Michael KreponMea Culpa

Deepti Choubey has taken issue with my characterization of the 2010 NPT Rev Con as a “lowest common denominator success.” Upon reflection, and after comparing the 2010 final document with the 1995 and 2000 final documents, I think she’s right: I should have been more positive about the text, and the hard work of those who tried to make it as good as it could be. We now have a fairly comprehensive set of benchmarks for NWS and NNWS. The work program produced by the Rev Con delegates is not as complete or as demanding as those produced by the Carnegie Endowment, the Blix Commission or the International Nuclear Non-Proliferation and Disarmament Commission. Like the aforementioned commissions, the NPT Rev Con final document couches its work program in terms of what countries ought to do. Prodding is not to be confused with enforcement. But the particulars of standard setting are necessary, and the 2010 Rev Con deserves a better review than the one I initially wrote.

Comments

  1. MKS

    “the 2010 Rev Con deserves a better review than the one I initially wrote.”

    No it doesn’t, you were right the first time. And the outcome of NPT RevCon shows why the argument that New START was meant to get momentum for nonprolif efforts is bankrupt.

  2. shaheen

    Michael,
    As someone whose “hard work” in NYC you gracefully acknowledge (though my own contribution was minor), I believe that there is in fact no need for a mea culpa from you, and that your first post was spot on. Simply put: leaving aside the magic 2012 date for a (hypothetical) conference on a MEWMDFZ, is there any new, significant, concrete commitment on any of the three pillars in the final document? I do not believe so. Maybe an addition of not so new, barely significant, and hardly concrete ones…
    So far I stand by the “lowest common denominator” interpretation. The real value of the document is its structure: the mere fact that there are action plans on the three pillars amounts to a rebalancing of the regime.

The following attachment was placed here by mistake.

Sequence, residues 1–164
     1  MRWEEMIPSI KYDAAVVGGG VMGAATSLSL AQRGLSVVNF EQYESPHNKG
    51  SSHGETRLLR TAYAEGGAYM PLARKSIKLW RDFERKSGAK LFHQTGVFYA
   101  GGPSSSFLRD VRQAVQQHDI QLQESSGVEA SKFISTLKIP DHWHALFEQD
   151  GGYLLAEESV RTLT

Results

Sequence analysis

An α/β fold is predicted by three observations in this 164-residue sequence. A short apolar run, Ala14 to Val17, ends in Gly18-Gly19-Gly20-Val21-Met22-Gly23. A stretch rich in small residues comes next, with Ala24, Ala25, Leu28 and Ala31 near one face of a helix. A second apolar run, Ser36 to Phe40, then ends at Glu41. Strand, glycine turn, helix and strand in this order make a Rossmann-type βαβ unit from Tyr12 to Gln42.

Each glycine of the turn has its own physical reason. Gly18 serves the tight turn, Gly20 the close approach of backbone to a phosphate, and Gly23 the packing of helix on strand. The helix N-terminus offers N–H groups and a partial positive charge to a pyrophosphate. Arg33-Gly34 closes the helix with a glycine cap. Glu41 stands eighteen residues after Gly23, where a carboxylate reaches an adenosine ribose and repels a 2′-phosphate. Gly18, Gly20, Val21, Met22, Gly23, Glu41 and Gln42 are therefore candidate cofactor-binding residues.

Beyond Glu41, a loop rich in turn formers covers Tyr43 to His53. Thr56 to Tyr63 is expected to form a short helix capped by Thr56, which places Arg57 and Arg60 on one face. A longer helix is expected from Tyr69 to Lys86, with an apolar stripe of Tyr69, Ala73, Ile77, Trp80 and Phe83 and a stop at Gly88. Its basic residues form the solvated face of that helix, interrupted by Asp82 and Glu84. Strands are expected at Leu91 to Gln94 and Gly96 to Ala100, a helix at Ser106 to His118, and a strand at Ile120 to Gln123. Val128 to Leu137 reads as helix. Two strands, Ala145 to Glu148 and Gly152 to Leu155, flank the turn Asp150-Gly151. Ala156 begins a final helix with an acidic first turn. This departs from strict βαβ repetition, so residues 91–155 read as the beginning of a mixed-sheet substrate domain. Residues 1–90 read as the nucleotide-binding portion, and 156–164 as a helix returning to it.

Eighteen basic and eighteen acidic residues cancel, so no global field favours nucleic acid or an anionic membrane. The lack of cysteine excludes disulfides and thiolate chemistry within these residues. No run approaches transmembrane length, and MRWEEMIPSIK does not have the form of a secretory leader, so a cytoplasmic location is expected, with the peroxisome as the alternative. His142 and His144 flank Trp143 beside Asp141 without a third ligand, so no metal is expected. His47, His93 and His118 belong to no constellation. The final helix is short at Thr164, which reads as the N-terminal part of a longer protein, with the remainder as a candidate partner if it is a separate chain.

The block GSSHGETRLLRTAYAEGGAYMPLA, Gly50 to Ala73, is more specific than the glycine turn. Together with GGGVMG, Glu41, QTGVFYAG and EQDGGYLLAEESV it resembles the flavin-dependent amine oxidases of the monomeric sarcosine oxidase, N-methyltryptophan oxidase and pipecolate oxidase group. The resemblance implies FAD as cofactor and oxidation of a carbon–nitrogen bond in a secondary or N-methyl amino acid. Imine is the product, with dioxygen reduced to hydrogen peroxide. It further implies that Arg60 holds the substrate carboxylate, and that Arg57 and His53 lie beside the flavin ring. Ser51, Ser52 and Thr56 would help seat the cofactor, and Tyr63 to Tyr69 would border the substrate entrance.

But the RevCon was another opportunity to witness the limitations of consensus diplomacy at 190.
    Tell me where I’m wrong.

  3. VS (History)

    Mr. Krepon, your integrity is commendable.

    I’m one of the delegates at the RevCon, one who didn’t have much say in things and who is not all that excited with the final outcome.

    But I agree that the Final Document is not just the lower common denominator. Through weird and convoluted twists and turns it managed to go further than “business as usual”. Some excerpts are disappointingly skewed due to diplomatic mumbo-jumbo, like the part of the action plan talking about Nuclear Testing. It could have been much simpler and factually and politically correct.

    In all, however, at a time of much greater discord and turmoil among NPT states-parties than in 2000 and 1995, getting all these 189 countries to refrain from blocking such a lengthy, triple (or quadruple if we count the Middle East part separately) action plan and also get them to live with the extensive text of the Review part was a great feat. At least it shows that people want to believe that this Treaty and its regime still have a role to play in international affairs.

    On many of the agreed actions, we can build upon. A few might create trouble rather than help in the way they were meant to, but that’s always the case with documents of this sort.

  4. Nick (History)

    The nuclear weapons free ME was rejected by Israel and General Jones said right after this latest NPT accord that we will not push countries to attend the 2012 meeting.

    So all the jostling with Jones and the rest of the WH team and the Egyptian delegates was a waste of time.

  5. FSB

    Comparison with 1995 and 2000 documents is hardly a way to get an objective assessment of success, when the entire treaty is designed to proliferate dual use nuclear technology and knowledge to NNWS. It is highly dated — why do we want to give nuclear tech to developing nations when even we can’t handle the waste, safety and security issues, not to mention the limited fuel supply? We might as well teach developing nations how to make cars with large tailfins, or landline phones.

  6. VS (History)

    @Nick

    I don’t think that Egyptians & Co. really thought that Israel would participate in such a Conference and then, who knows, might even be convinced by the statements delivered there to disarm. They expected that Israel would react exactly the way it does, and that such an action would further expose and isolate Israel. Big deal you might say, but what else are they to do? Wage war? They play with what they have, diplomacy, and in this case they played their cards well and they had a success. Kudos to them. They didn’t waste any time there. Others, i.e. the US, conceded this but gained other things from this RevCon. No one from the 30 so countries with vested interests in this field wasted their time there.

  7. Tosk59 (History)

    I’d tend to concur with your first assessment. Of course, whichever it was the U.S. immediately vitiated the agreement by providing a terrible example… i.e. countries countries can pick and choose which parts of the agreement they would like to pay attention to!

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